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The COVID-19 pandemic has had a dramatic impact on the health and social care landscape, both in terms of service provision and citizen need. Responsive, evidence-based research is essential to develop and implement appropriate policies and practices that manage both the pandemic itself, and the impact COVID-19 has on other health and social care issues.
To address this, the Wales COVID-19 Evidence Centre (WCEC) was launched in 2021 with the aim of providing the best available, up-to-date, and relevant evidence to inform health and care decision making across Wales.
Funded by the Welsh Government, the WCEC comprises of a core team and several collaborating partner organizations, including Health Technology Wales, Wales Centre for Evidence-Based Care, Specialist Unit for Review Evidence Centre, SAIL Databank, Public Health Wales, Bangor Institute for Health & Medical Research in conjunction with Health and Care Economics Cymru, and the Public Health Wales Observatory. Over the last year, WCEC has developed its rapid review processes and methodology informed by best international practice and aims to provide around 50 reviews each year. WCEC works alongside various stakeholder groups from health and social care across Wales, and they form an integral part of the review process, from scoping to knowledge mobilization.
To date, the WCEC has produced reviews on a diverse range of COVID-19 topics, including transmission, vaccination uptake (barriers, facilitators and interventions), mental health and wellbeing, as well as face coverings and other preventative interventions. The topics have also covered a wide range of populations, from general public, to healthcare workers, to children. These reviews have been used to inform policy and decision-making, including the Welsh Government’s Chief Medical Officer 21-day COVID-19 reviews.
The WCEC has brought together multiple specialist centers with a diverse range of skills to produce timely reviews of the most up-to-date research to support decision makers across health and social care. These reviews have informed policy and decision-making across Wales.
Prisons are susceptible to outbreaks. Control measures focusing on isolation and cohorting negatively affect wellbeing. We present an outbreak of coronavirus disease 2019 (COVID-19) in a large male prison in Wales, UK, October 2020 to April 2021, and discuss control measures.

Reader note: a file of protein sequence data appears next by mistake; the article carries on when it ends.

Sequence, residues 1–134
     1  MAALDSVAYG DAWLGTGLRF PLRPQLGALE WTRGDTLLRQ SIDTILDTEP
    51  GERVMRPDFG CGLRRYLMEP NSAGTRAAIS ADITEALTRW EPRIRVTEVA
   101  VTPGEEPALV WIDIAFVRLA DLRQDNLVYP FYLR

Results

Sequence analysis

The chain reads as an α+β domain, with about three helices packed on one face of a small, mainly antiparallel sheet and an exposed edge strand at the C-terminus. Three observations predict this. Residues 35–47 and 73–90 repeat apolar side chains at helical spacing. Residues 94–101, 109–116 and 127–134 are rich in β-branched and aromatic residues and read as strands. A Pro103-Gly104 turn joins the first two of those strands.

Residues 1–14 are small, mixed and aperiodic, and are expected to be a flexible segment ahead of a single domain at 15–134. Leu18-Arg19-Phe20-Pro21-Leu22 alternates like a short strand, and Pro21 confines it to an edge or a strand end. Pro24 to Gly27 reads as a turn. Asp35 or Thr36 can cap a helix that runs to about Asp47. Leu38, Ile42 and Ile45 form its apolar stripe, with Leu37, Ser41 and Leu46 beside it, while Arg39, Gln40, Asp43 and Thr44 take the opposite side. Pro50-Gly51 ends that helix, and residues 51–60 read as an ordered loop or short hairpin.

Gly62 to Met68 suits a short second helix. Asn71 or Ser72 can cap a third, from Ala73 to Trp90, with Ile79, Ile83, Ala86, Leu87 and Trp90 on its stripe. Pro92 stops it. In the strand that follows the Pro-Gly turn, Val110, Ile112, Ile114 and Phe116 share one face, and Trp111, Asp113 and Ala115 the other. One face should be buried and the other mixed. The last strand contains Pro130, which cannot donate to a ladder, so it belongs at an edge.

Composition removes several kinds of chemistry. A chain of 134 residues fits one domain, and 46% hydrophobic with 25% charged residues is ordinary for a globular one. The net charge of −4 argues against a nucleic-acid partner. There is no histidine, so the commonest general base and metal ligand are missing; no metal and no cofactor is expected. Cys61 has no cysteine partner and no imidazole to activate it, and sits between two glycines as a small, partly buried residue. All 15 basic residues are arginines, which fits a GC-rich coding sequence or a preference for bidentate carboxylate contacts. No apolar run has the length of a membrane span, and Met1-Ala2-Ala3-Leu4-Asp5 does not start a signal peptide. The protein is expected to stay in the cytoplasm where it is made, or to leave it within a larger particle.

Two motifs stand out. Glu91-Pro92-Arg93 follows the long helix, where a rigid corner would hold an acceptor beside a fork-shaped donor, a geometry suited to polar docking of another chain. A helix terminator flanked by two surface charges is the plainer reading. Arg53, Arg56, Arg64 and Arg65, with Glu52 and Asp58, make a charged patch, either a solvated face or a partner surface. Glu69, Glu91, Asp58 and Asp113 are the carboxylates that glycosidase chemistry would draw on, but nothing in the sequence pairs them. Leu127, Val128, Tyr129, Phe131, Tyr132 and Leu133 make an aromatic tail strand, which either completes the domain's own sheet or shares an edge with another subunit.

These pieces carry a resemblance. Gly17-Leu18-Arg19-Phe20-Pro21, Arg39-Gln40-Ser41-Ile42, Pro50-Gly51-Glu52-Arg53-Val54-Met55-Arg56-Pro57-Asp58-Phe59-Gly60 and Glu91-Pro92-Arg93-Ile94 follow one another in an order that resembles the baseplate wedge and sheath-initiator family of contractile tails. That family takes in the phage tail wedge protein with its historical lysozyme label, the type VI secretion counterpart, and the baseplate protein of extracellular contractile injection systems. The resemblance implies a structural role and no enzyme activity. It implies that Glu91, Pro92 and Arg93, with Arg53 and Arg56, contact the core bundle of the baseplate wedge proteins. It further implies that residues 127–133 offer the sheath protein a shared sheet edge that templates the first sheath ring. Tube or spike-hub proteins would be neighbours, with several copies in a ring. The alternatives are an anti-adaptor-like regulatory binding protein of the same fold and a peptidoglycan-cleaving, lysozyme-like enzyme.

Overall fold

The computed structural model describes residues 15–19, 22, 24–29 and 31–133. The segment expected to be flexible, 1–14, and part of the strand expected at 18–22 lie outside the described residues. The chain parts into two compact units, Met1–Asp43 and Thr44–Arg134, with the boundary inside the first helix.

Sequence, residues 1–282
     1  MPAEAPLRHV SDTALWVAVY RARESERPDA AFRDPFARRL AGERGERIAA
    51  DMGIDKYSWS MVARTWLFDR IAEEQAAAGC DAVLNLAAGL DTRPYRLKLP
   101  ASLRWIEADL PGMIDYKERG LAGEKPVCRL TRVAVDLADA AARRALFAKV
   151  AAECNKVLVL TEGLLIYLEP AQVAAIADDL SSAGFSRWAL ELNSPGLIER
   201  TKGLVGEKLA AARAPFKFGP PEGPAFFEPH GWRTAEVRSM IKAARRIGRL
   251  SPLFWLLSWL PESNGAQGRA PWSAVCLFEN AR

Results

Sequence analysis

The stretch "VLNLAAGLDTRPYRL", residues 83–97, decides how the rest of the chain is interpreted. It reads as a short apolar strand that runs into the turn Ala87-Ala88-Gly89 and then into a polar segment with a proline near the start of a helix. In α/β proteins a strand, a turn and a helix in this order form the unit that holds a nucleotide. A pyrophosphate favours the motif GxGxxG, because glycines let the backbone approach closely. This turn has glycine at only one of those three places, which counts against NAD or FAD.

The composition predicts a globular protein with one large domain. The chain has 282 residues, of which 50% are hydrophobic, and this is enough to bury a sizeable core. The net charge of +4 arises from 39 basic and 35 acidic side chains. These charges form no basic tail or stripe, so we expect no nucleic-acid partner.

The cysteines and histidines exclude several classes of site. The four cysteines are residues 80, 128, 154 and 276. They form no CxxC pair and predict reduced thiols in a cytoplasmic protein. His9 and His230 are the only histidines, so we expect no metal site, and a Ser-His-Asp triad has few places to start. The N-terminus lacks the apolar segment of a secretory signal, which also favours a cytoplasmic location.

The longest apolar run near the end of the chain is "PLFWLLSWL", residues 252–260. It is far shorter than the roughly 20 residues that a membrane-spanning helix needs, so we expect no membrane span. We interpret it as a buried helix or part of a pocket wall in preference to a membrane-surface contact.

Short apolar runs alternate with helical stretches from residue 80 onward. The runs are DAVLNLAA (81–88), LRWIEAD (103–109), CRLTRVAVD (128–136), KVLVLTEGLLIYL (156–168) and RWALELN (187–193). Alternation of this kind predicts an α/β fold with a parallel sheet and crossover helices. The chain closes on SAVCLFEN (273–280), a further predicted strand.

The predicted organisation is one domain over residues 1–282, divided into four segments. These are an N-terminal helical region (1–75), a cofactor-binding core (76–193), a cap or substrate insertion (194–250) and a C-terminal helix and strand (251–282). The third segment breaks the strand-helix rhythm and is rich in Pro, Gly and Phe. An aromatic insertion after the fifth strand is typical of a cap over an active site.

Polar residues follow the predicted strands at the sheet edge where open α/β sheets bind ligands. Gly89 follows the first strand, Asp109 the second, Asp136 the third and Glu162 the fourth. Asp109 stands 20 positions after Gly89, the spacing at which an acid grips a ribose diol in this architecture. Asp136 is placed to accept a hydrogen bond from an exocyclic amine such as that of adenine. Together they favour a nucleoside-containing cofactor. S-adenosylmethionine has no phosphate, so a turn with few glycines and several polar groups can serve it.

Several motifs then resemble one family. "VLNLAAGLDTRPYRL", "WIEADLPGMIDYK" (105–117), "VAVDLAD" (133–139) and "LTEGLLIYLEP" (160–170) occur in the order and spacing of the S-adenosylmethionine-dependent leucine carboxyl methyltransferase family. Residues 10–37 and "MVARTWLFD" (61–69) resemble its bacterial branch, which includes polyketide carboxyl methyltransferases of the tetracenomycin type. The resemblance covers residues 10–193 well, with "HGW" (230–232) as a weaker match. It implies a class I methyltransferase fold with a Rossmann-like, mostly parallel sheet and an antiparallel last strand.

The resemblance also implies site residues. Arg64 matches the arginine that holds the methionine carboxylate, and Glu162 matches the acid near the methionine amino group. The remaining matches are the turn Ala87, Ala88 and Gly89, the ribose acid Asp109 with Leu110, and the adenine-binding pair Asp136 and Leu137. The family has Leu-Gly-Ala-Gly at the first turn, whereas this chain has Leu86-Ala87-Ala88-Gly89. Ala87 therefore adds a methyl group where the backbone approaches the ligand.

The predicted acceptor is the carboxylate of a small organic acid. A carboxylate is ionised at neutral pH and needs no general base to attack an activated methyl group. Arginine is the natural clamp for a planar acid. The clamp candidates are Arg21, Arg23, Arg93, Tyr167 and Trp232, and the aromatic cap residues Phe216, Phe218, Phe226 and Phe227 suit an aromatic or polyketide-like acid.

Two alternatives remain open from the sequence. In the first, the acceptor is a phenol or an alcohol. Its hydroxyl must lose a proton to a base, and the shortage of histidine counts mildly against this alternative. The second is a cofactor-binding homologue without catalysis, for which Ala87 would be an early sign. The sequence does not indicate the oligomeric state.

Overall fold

We gathered case-information, including demographics, staff-residence postcode, resident cell number, work areas/dates, test results, staff interview dates/notes and resident prison-transfer dates. Epidemiological curves were mapped by prison location. Control measures included isolation (exclusion from work or cell-isolation), cohorting (new admissions and work-area groups), asymptomatic testing (case-finding), removal of communal dining and movement restrictions. Facemask use and enhanced hygiene were already in place. Whole-genome sequencing (WGS) and interviews determined the genetic relationship between cases plausibility of transmission.
Of 453 cases, 53% (n = 242) were staff, most aged 25–34 years (11.5% females, 27.15% males) and symptomatic (64%). Crude attack-rate was higher in staff (29%, 95% CI 26–64%) than in residents (12%, 95% CI 9–15%).
Whole-genome sequencing can help differentiate multiple introductions from person-to-person transmission in prisons. It should be introduced alongside asymptomatic testing as soon as possible to control prison outbreaks. Timely epidemiological investigation, including data visualisation, allowed dynamic risk assessment and proportionate control measures, minimising the reduction in resident welfare.
Both early social psychologists and the modern, interdisciplinary scientific community have advocated for diverse team science. We echo this call and describe three common pitfalls of solo science illustrated by the target article. We discuss how a collaborative and inclusive approach to science can both help researchers avoid these pitfalls and pave the way for more rigorous and relevant research.
New approaches are needed to safely reduce emergency admissions to hospital by targeting interventions effectively in primary care. A predictive risk stratification tool (PRISM) identifies each registered patient's risk of an emergency admission in the following year, allowing practitioners to identify and manage those at higher risk. We evaluated the introduction of PRISM in primary care in one area of the United Kingdom, assessing its impact on emergency admissions and other service use.
We conducted a randomized stepped wedge trial with cluster-defined control and intervention phases, and participant-level anonymized linked outcomes. PRISM was implemented in eleven primary care practice clusters (total thirty-two practices) over a year from March 2013. We analyzed routine linked data outcomes for 18 months.
We included outcomes for 230,099 registered patients, assigned to ranked risk groups.
Overall, the rate of emergency admissions was higher in the intervention phase than in the control phase: adjusted difference in number of emergency admissions per participant per year at risk, delta = .011 (95 percent Confidence Interval, CI .010, .013). Patients in the intervention phase spent more days in hospital per year: adjusted delta = .029 (95 percent CI .026, .031). Both effects were consistent across risk groups.